9. Do you think school sports in NZ will ever get beyond handing out player-of-the-day trophies as if they were on a roster where everyone gets their turn?

10. Who will solve one of the great mysteries in NZ sport for me? When played well, two of the most compelling games to watch (and I do have pretty wide sporting interests) are netball and rugby league. But then why, oh why, are their World Cups such pathetic affairs with such poor global coverage? We know who is in the final before the tournaments start.

There you go - I am feeling so much better already. Actually I think we drew that series 2-2 last night. Jolly good effort chaps. Well done. Bring on the Indians.

One more thing. Sensing my frustration my daughter constructed a photo to cheer me up.

nice chatting


Paul

Thursday, February 05, 2009

towards a kiwi-made preaching

If you are committed to the ministry of biblical preaching in New Zealand please read on...


As I shift into a role with Langham Preaching and devote myself to helping nurture biblical preaching movements in the countries of Asia, Africa and Latin America, I have been reminded of how helping to facilitate such a movement here in New Zealand has been a dream of mine for two decades. With us being based in NZ for a few years this seems a good time to give it a crack.

So Langham Partnership New Zealand is sponsoring a forum on April 18th which we've called Towards a Kiwi-made Preaching. More than 25 experienced and emerging preachers will provoke us with questions from their own wrestling with preaching in this NZ context. We are so grateful for the commitment of people like Mark Strom (Laidlaw), Murray Robertson (Spreydon Baptist), Lynne Baab (University of Otago), Nigel Pollock (TSCF), and Bishop Winston Halapua (Anglican). But there are a whole bunch of up-and-comers as well. It will be a fabulous and unashamed talkfest. Then at the end of the day there will be an optional session where we will ask 'what is the Spirit saying?' about some sort of ongoing focus on preaching in NZ.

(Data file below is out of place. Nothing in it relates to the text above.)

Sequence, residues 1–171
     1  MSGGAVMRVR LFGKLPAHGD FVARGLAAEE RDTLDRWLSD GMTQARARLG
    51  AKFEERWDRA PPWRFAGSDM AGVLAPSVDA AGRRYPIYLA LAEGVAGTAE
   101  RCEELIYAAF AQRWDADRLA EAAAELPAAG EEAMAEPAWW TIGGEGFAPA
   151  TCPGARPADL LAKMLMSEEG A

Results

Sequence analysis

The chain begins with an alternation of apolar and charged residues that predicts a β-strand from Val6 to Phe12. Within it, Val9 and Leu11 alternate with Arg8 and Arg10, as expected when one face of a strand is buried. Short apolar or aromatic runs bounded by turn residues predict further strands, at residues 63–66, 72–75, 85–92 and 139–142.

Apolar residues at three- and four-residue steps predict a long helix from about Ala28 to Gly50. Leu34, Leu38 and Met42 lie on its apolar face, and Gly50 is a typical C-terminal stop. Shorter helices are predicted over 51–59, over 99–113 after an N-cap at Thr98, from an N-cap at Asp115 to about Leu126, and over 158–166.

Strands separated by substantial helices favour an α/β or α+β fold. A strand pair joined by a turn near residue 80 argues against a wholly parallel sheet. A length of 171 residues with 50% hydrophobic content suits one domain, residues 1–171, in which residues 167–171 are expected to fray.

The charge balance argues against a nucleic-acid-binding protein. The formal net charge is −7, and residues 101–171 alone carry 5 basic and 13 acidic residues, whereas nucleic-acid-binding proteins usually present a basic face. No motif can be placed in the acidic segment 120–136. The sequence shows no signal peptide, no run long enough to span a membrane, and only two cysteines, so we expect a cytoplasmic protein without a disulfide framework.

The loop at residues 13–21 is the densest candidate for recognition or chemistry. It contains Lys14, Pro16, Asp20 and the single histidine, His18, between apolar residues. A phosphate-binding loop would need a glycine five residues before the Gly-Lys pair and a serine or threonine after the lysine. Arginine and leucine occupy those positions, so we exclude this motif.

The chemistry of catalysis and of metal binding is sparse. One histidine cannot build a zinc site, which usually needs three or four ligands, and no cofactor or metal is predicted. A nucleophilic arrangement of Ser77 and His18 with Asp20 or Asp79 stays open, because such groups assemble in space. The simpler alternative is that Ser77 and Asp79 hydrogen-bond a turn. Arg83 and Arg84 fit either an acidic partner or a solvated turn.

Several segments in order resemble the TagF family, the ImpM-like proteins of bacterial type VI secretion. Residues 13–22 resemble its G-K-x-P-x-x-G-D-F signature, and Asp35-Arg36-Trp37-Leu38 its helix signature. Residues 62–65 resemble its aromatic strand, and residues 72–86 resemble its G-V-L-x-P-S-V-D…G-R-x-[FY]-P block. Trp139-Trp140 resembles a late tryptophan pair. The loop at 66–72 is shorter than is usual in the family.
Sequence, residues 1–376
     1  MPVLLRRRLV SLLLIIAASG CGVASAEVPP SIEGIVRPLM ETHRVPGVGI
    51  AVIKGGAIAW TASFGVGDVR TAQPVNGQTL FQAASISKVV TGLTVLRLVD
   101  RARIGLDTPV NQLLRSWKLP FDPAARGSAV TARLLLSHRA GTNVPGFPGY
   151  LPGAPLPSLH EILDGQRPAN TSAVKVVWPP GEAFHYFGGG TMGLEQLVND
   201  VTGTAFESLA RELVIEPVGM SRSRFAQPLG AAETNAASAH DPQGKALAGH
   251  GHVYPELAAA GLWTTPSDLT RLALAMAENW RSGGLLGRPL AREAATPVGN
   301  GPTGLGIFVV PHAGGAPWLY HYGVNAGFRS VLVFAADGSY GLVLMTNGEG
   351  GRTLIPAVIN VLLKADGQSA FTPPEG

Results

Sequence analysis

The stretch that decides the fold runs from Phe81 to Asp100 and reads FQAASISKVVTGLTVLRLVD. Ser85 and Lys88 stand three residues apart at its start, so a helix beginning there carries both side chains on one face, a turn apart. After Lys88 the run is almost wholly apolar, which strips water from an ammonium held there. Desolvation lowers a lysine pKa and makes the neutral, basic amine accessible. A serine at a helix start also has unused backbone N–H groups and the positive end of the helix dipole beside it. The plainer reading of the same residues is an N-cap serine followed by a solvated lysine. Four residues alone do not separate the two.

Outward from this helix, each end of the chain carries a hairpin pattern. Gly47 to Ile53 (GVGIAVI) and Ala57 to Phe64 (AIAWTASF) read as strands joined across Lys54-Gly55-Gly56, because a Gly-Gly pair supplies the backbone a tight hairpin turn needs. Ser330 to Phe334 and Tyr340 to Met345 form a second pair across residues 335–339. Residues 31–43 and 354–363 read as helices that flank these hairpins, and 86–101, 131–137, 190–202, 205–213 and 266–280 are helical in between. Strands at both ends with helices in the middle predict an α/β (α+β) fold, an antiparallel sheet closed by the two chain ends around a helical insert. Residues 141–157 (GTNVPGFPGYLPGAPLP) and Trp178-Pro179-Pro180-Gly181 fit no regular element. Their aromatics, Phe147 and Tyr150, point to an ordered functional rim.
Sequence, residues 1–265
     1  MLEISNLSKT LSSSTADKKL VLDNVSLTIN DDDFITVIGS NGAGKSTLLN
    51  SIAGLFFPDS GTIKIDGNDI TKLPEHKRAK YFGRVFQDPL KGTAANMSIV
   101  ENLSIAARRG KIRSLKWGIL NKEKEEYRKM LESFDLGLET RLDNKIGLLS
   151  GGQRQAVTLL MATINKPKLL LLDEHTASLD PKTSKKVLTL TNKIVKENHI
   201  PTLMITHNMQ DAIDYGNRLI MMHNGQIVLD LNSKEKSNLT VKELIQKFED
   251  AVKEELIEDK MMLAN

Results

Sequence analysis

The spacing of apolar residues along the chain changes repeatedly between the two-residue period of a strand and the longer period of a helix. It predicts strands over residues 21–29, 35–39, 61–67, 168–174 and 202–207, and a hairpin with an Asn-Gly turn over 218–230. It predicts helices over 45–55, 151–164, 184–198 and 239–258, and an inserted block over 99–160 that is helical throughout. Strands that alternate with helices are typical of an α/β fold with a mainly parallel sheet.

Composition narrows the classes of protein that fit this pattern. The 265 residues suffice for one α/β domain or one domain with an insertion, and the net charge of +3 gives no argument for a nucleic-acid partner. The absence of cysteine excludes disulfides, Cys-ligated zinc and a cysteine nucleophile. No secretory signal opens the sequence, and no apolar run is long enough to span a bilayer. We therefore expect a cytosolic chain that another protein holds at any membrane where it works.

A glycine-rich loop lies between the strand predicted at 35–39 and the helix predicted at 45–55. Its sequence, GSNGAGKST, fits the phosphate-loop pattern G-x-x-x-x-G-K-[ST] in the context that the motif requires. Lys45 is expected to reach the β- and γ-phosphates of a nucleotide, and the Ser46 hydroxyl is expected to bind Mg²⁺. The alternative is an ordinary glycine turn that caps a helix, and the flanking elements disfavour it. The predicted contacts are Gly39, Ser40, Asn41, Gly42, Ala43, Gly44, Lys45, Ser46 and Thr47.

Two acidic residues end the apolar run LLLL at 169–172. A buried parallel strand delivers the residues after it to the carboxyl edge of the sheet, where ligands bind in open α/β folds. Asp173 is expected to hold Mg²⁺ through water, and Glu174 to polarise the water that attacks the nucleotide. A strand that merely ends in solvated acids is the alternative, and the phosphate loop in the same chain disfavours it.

Please register with Alyssa (alyssa.windsor@gmail.com) and as soon as we have the Questions finalised we will circulate them to those registered, enabling them to make their selections from the smorgasbord.

(very) nice chatting

Paul

Monday, February 02, 2009

george at one hundred

I grew up with an LP (that is a big black disc from which music used to emerge, for those of you who are confused) in the house. It was called Sacred Songs. Actually I was convinced that it said Scared Songs on the cover and it became a bit of a family joke.

Sacred Songs included a collection of hymns sung by George Beverly Shea who is synonymous with the Billy Graham Crusades. 'George Bev' was a voice that filled our home. The words of his hymns grafted into my spirituality. I am blessed.

Well ... yesterday George Beverly Shea had his 100th birthday. Amazing!

As my tribute to the influence of his music on my life I've located a couple of youtube clips of my two favourite GBS hymns. Unfortunately I could not find GBS singing them. But don't be scared! They are just 2-3min each. Take time to listen to the simple spirituality in the unadorned words and make them the foundation of your life.

First up Cliff Richard singing "It is no secret what God can do"...




And then a Rebecca Henricks singing "I'd rather have Jesus"...



nice chatting


Paul